A band has dedicated a new single from its debut album to supporting gay and lesbian people in Russia, and in opposition to recently passed anti-gay laws.

The track Moscow, by band Autoheart contains a strong message of opposition to the laws, which federally banned homosexual “propaganda”, and which have been widely regarded as a step backwards for LGBT rights in the country.

In the description for the video, the band says the lyrics are about the “daft optimism of being in love”, but then goes on to note the passage of the laws.

The video contains an image of two soldiers kissing in front of the Kremlin, as an act of defiance against the law. The band notes Section 28, similar legislation passed in the UK 1987 by the Tory Government under Margaret Thatcher.

The description reads; “We are lucky in Britain to have laws that mean whether we are gay, straight, bisexual or anything in between, our relationships are recognised and our rights protected by law. But in Russia there is an anti-gay crisis happening right now: their government does not want to afford their people those same rights and are trying to criminalise even the discussion of gay equality.

“Something similar happened in Britain not long ago: Section 28, brought in by Thatcher’s Tory party in the Eighties to stop teachers from talking about same-sex relationships in a positive way, was only repealed in 2003.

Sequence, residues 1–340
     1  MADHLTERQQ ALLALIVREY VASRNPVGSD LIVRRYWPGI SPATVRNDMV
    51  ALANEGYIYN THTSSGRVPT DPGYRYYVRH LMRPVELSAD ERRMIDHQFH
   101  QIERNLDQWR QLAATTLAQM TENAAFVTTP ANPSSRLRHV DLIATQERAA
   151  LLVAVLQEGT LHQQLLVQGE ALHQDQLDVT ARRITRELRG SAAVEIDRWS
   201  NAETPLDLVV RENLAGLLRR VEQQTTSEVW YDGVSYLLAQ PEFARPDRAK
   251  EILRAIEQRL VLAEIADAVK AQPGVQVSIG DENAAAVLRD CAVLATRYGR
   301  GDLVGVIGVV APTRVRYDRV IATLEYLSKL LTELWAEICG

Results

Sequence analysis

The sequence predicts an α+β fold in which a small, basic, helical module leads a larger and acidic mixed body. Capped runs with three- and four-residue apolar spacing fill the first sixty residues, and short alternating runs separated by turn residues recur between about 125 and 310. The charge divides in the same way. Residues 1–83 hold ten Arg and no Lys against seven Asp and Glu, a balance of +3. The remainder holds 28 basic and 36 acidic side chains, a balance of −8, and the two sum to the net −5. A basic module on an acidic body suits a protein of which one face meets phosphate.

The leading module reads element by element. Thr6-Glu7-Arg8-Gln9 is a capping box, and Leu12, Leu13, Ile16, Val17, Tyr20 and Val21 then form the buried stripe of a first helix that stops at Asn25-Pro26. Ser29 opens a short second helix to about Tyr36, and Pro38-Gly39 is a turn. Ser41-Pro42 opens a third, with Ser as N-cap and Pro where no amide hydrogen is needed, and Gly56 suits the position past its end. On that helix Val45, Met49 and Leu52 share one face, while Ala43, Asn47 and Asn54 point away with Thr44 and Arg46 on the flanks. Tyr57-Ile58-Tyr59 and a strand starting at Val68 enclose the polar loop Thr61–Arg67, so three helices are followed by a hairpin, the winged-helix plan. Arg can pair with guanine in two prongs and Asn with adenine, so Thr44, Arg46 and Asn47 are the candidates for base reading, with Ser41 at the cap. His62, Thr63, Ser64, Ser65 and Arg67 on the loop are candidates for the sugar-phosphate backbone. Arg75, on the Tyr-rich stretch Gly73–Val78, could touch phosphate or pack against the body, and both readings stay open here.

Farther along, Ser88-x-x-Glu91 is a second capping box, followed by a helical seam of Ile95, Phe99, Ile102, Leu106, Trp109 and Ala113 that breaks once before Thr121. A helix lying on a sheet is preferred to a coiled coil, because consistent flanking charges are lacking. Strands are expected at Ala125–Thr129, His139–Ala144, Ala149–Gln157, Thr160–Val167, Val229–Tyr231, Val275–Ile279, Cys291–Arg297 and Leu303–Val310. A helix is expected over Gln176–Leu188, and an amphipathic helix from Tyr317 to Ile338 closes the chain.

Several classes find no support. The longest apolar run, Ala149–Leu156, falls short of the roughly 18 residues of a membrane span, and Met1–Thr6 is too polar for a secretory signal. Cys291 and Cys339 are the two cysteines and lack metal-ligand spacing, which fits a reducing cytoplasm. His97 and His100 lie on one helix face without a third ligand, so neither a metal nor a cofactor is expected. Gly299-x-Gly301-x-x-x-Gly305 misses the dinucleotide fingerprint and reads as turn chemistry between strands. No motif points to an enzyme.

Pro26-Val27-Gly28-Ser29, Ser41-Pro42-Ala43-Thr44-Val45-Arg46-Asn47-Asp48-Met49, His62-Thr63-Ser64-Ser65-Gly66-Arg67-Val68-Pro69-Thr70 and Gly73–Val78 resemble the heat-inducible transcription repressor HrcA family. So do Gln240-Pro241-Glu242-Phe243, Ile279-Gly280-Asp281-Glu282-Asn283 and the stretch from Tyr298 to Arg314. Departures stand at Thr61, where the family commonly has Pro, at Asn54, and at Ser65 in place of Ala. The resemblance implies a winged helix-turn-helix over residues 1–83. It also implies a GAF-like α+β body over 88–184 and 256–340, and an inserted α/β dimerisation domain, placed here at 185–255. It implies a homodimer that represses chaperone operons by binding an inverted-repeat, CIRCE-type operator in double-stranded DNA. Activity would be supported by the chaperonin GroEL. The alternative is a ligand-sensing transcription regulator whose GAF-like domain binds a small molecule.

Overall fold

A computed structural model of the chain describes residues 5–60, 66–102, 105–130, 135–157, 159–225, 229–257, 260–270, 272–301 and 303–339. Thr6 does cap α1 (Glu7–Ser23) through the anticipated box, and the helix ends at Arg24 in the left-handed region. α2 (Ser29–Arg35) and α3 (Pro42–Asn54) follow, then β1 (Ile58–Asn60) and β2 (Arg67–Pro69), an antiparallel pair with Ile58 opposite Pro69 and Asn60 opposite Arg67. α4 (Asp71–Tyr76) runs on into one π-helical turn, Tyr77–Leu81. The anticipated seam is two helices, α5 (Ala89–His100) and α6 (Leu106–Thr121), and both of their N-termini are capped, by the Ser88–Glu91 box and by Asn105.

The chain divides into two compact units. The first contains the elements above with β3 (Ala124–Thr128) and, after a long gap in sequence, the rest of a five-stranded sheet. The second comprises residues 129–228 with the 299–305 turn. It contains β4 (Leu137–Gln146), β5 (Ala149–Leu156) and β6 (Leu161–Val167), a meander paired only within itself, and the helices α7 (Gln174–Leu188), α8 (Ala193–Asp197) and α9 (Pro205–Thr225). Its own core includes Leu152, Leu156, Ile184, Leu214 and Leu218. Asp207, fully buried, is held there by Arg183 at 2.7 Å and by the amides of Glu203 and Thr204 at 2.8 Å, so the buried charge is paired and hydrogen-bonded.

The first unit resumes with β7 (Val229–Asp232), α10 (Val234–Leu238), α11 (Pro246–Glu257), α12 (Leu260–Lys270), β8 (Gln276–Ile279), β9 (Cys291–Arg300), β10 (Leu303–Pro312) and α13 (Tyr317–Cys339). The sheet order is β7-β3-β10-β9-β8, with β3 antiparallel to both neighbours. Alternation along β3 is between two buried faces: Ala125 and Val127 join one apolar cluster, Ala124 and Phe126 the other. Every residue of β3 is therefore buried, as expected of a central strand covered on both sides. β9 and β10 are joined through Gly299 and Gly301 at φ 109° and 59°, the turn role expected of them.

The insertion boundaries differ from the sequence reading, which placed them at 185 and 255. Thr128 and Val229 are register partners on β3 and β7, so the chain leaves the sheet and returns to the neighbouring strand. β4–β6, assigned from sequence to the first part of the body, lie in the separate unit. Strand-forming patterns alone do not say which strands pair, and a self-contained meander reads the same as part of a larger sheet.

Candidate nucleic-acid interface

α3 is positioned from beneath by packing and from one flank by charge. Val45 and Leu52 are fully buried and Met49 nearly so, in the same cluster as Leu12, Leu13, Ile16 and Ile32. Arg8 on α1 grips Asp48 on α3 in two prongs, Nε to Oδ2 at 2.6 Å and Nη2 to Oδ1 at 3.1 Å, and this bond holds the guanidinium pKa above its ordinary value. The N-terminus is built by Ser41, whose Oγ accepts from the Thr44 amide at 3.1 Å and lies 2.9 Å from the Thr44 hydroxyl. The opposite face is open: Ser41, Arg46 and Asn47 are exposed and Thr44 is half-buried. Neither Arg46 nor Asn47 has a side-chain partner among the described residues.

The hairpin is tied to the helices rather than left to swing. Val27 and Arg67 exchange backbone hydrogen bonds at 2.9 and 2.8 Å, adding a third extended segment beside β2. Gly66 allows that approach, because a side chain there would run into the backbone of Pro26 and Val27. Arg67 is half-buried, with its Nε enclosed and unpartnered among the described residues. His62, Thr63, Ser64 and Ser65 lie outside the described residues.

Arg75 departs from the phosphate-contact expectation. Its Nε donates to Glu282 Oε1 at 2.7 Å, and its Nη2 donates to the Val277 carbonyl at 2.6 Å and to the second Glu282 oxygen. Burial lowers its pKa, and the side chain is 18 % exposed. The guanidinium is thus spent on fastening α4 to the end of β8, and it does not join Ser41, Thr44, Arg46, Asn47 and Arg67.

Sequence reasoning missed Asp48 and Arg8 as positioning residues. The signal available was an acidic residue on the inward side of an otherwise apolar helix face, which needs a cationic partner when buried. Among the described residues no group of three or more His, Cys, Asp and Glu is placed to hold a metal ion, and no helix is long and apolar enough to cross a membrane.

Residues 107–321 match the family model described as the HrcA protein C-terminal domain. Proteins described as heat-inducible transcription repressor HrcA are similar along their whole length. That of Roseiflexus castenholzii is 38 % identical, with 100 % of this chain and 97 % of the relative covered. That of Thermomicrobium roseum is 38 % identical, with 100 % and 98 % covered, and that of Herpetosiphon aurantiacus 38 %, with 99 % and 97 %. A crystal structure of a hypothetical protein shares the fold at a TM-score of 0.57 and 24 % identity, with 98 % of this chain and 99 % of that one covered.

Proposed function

“These laws only serve to protect intolerance, ignorance, homophobia and hate crimes… In our video, two gay Russian soldiers kiss in front of the Kremlin — yet just last month same a group of same-sex couples in Moscow were violently attacked and then arrested for doing just this.”

There has been an international outcry recently, as several pieces of legislation have passed through the Russian Parliament, banning or inhibiting the rights of LGBT people.

The upper house of the Russian Parliament voted last month to approve both a bill banning adoption of Russian children by foreign same-sex couples and the nationwide anti-”propaganda” bill banning the promotion of “non-traditional” relationships to minors.

Earlier this month the Duma, or lower parliamentary house, unanimously voted 443-0 to approve the draft law on adoption, as well as related amendments to Russian family law.

The bill, which has since been signed by President Vladimir Putin, bans foreign same-sex couples and unmarried individuals in countries where same-sex marriage is legal from adopting Russian children.

Last month, actress Tilda Swinton was pictured flying a rainbow flag in Moscow, at the St Basil’s Cathedral, in a gesture of solidarity with the LGBT community. 

The song was taken from the band’s debut album Punch, which is available to buy from 15 July. The video was directed by Gavin Leisfield, and will be available from 8 July.

The band encourages supporters to sign an AllOut petition, which already contains over 200,000 signatures, and calls from President Putin and other world leaders to act against the anti-gay legislation.